Christmas wreath ideas – 10 beautiful ways to style your wreath

From rustic to modern, use these Christmas wreath ideas to find your perfect display

Christmas wreath ideas
Photography/Ben Anders
(Image credit: Future)

If you like it then you better put a ring on it! Discover our Christmas wreath ideas to spread holiday cheer and welcome guests – hanging one on your door is a tradition that dates back centuries. 

But don’t stop there, as there’s a whole host of ways to use wreaths to decorate every part of your home, from your walls to your Christmas table. 

The humble wreath is one of the most versatile decorating tools at your disposal come this festive season. ‘There are the obvious, traditional spots like the front door or framed in a window,’ says Jen Derry, Balsam Hill Vice President of Product Merchandising. ‘But you also can add colour to a bare entryway by propping a wreath against the wall, on a bench or hanging from a coat rack.’ 

This Christmas, ring the changes and try one of these creative ideas for your festive wreath.  

1. Go wild

Christmas wreath ideas wild

Photography/Jan Baldwin

(Image credit: Future)

This wild, naturalistic wreath gives a fresh twist to the classic Christmas hues of red and green and makes the perfect showpiece above the fireplace. 

An abundance of green foliage creates a lush base, with red berries used as a bright highlight. Use natural materials such as pine cones and dried oranges, and encourage the sprigs and branches to trail from the wreath.

If hanging above the fire, keep the mantel simple so the wreath is the focal point.

2. Use on a place setting

Christmas wreath ideas place setting

Photography/Chris Everard

(Image credit: Future)

Place a small wreath on each place setting when dressing your table for Christmas dinner. Use simple white tableware and napkins for a clean, modern look, together with elegant glass candle holders. 

Fresh, green foliage such as eucalyptus, rosemary, laurel or boxwood are ideal for a minimal wreath – wire onto a wire base close in size to your plate or bowl. 

Cheat with faux mini wreaths – add a few sprigs of fresh foliage to each for a finishing touch.

3. Make a feature of dried foliage

Christmas wreath ideas foliage

Photography/Joanna Henderson

(Image credit: Future)

For an unusual and eye-catching front door wreath, group the same type of foliage together to create clear sections.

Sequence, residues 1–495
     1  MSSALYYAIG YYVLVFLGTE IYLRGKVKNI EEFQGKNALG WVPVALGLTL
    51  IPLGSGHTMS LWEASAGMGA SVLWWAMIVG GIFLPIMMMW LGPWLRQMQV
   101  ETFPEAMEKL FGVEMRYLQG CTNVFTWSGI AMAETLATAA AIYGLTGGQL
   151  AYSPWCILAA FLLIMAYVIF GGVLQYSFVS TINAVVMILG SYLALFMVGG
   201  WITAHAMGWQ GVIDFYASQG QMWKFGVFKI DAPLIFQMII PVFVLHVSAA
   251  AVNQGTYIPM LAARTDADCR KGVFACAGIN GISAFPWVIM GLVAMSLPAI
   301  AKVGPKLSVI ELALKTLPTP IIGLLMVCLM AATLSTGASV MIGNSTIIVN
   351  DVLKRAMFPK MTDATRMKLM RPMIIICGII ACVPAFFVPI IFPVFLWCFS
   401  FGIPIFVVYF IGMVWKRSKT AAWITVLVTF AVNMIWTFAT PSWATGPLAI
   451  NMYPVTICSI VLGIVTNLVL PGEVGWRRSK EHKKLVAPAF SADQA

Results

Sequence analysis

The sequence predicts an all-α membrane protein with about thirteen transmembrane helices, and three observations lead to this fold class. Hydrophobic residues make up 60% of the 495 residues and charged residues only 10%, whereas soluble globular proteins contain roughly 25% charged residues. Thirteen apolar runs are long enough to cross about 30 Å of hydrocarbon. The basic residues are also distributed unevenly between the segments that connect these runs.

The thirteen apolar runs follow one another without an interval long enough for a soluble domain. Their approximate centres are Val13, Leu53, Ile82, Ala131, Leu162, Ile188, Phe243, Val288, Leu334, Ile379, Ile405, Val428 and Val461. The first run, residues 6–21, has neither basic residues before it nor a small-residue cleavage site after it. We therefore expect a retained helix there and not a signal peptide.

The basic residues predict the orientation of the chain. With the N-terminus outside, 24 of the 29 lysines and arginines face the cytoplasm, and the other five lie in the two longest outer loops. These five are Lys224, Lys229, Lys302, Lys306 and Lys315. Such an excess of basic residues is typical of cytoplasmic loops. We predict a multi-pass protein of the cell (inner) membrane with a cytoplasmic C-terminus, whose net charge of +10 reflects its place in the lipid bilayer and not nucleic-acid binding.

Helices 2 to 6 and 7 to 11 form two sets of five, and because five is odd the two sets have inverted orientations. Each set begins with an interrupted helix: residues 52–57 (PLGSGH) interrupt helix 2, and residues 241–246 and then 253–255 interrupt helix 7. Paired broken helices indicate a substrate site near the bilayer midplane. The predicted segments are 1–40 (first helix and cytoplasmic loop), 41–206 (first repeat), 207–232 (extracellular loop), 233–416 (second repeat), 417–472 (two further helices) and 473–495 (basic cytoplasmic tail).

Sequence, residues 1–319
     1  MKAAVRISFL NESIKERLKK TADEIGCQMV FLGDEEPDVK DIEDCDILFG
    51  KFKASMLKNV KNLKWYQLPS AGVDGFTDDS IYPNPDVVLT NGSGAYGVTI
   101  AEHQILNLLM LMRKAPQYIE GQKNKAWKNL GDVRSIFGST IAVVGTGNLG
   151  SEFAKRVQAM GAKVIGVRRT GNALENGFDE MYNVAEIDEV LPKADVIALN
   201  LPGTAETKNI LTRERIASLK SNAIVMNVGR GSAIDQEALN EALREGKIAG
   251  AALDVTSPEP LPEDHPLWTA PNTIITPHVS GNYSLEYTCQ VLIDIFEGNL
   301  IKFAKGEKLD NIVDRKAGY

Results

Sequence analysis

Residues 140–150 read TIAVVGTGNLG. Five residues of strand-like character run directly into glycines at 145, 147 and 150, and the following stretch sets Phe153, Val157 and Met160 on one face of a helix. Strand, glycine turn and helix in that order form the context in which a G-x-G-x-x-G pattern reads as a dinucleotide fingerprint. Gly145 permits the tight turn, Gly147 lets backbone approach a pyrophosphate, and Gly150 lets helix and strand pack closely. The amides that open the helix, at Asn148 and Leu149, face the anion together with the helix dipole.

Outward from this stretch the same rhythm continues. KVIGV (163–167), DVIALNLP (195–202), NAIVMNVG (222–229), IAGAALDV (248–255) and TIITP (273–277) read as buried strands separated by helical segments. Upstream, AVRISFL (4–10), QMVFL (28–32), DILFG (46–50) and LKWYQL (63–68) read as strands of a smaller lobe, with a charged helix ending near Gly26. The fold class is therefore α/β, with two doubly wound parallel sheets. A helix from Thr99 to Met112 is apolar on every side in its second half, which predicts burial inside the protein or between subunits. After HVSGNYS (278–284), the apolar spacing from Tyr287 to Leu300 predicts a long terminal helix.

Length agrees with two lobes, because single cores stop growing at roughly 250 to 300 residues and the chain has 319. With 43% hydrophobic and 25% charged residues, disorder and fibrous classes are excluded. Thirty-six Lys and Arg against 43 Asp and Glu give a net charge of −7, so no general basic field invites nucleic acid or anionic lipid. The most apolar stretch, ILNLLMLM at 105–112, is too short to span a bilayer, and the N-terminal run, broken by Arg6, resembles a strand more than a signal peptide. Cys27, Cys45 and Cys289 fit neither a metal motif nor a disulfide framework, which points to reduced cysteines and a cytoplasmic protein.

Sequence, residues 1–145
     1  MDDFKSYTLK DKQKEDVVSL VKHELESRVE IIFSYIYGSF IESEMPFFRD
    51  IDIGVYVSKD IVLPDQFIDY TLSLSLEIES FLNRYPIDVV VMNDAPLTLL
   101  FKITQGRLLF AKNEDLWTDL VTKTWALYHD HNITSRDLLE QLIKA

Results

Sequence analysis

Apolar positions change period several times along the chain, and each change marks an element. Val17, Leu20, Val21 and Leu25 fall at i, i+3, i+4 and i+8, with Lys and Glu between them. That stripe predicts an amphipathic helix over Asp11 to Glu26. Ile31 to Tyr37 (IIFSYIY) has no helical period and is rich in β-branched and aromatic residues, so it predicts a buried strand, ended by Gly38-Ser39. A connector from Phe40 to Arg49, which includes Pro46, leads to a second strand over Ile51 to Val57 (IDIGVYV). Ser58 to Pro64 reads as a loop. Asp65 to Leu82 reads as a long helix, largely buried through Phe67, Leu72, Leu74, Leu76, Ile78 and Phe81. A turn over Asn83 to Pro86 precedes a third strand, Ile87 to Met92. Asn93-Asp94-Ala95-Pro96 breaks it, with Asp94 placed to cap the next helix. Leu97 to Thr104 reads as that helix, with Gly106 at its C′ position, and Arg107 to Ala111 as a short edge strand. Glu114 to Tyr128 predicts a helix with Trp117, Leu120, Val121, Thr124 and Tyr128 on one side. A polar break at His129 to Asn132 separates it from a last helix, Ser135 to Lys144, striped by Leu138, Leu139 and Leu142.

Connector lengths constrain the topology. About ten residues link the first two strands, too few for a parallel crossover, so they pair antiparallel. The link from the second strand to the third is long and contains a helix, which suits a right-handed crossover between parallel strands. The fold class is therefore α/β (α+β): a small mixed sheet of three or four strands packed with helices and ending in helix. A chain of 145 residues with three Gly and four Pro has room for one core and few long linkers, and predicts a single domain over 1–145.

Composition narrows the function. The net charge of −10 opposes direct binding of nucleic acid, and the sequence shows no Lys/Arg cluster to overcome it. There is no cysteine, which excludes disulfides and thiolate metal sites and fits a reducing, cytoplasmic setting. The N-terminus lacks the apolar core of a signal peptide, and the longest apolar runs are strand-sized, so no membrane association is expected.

Mix dried foliage, grasses or flowers, with sections of fresh greenery like eucalyptus and fresh herbs such as thyme, sage or rosemary. Try Atlas Flowers or Etsy for dried foliage. 

Restrict your colors to whites, greys and grey greens for a wintry feel, but if bright hues are more to your taste, dried foliage comes in a whole host of bright shades which are perfect for a color-pop version. 

4. Create a wall display

Christmas wreath ideas wall

Photography/Jan Baldwin

(Image credit: Future)

Why stop at one wreath when you can have a whole array? Create a gallery-wall-style arrangement of assorted wreath styles and shapes for a focal point above a fireplace. 

This luxe look exudes glamour thanks to its gold color scheme. Look out for shop-bought wreaths with a gold finish, or spray foliage with gold spray paint (use floral spray paint on fresh foliage). Mix up the finishes and tones for depth and interest, from champagne shades to brassy golds in satin or gloss. 

For a more formal feel arrange matching wreaths in a row or grid formation.

5. Go big or go home 

Christmas wreath ideas oversized

Photography/Oliver Perrott

(Image credit: Future)

Make a statement with an oversized wreath, made to fit a whole wall in your dining or living room. 

It doesn’t have to be a perfect circle – shape your wreath into an oval to accentuate the height of a room – this  play on proportions will add a grandiose sense of scale. 

It makes the perfect backdrop to lavishly dressed Christmas table and if you stick to simple, green leaves such as conifer, eucalyptus and boxwood it works with any room scheme. Wind fairy lights into the wreath so that it twinkles come dusk. 

6. Decorate chair backs

Christmas wreath ideas chairs

Photography/Paul Raeside

(Image credit: Future)